Every driver who doesn’t use turn signals, passes in a no passing zone, tailgates me, slows me down by driving below the speed limit, or neglects to turn on the headlights when it’s hard to see because of rain, snow, fog, or dusk, is, in my opinion, an idiot. While I don’t succumb to road rage, my mouth goes a mile a minute and the words are none too gentle. Which is why I don’t have one of those “Honk if you love Jesus” bumper stickers on my vehicle.

And at baseball games, it was hard to respond in a gentle manner when the umpire made an obviously bad call that went against the team I rooted for, especially in a close game where one call could change the momentum of the whole game. Before the last series, I promised God I’d behave and keep my mouth shut. But when the home plate umpire called one of our runners out at second after the base umpire had called him safe—and from my vantage point in the stands behind the plate, he was safe—I yelled that he was making it hard for me to keep my promise.

At that point my husband turned to me. I couldn’t tell if he was embarrassed or amused.

“Behave yourself,” he said, nodding to the seat in front of us, where our grandson Brent, who had just started Little League, booed. “You’re not setting a good example.”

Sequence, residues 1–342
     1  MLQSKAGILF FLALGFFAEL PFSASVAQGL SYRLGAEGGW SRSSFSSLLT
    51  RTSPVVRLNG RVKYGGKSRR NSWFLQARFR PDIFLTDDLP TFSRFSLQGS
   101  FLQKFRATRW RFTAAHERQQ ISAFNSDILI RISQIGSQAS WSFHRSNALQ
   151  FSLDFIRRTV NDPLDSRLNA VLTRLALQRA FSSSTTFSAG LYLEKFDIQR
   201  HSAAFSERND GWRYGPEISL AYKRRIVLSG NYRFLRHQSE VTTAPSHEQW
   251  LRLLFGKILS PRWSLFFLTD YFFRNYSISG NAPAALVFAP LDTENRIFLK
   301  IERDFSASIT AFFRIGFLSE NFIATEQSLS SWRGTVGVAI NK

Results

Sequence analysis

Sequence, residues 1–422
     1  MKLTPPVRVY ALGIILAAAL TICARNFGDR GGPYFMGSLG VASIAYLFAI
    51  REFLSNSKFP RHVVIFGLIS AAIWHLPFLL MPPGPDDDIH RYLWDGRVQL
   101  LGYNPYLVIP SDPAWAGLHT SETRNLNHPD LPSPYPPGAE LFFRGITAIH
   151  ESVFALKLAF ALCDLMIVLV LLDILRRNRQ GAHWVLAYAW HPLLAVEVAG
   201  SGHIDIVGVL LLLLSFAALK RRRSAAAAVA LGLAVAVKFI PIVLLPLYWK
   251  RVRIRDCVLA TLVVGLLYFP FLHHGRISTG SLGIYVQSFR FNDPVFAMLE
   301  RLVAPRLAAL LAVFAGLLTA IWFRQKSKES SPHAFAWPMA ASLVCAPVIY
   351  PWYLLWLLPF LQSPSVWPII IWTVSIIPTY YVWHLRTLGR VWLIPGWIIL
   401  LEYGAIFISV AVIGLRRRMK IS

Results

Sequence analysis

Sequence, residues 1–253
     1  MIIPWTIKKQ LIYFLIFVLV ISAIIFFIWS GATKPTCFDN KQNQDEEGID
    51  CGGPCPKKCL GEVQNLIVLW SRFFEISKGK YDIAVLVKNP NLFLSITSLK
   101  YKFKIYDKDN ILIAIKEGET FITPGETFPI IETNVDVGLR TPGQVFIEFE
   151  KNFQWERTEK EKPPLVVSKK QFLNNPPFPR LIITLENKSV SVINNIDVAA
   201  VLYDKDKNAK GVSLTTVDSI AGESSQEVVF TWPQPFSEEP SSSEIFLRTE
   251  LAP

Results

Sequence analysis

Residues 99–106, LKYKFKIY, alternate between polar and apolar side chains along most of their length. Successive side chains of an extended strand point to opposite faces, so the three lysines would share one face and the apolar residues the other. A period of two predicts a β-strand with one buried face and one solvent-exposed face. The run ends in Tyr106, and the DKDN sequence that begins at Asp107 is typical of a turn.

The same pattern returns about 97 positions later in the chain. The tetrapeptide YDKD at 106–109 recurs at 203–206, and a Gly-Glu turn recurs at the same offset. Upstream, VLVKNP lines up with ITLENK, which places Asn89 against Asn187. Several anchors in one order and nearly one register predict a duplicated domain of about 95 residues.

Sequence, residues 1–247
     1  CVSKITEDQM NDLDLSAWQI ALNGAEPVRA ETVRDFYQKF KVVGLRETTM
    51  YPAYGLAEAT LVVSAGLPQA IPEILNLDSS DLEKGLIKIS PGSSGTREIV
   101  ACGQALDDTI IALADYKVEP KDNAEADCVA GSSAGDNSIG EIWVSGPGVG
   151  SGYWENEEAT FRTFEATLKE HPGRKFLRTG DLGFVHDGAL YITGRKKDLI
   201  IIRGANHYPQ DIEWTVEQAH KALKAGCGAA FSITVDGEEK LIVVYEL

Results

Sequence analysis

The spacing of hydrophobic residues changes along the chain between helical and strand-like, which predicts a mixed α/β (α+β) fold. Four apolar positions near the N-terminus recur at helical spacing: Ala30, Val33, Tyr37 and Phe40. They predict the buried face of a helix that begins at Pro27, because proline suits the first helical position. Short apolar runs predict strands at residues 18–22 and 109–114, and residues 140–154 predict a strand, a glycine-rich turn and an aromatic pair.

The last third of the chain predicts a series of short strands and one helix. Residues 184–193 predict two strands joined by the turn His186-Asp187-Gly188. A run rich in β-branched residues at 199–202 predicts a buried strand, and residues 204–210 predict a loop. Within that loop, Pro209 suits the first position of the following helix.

So I kept my mouth shut and only groaned when the umpire called a homerun a foul ball. I gave him the benefit of the doubt and agreed with my husband that the foul pole needed to be higher.

“I hope this guy doesn’t umpire any games for the playoffs,” I couldn’t resist adding.

That was years ago, but I learned how important it was to stop and consider what the other parents thought when someone who claimed to be a Christian yelled at the umpire like I did. Bad calls are part of baseball, from Little League to the professional leagues. While it’s okay to disagree, it’s not okay to be disagreeable and unkind.

Being gentle means to treat others with kindness, consideration, and respect because, no matter who they are, they have value in God’s eyes. Jesus set the example when He embraced the children the disciples tried to shoo away and when He had dinner with despised tax collectors who, to the Jews, were little more than scumbags, but to Him were hungry souls needing love, mercy, and grace.

Can I do any less?

Dear God, grow Your gentleness in me. Amen.

Read and reflect on Ephesians 4:1–3.

From God, Me, & a Cup of Tea, Vol. 3, © 2019 Michele Huey. All rights reserved. Used with permission.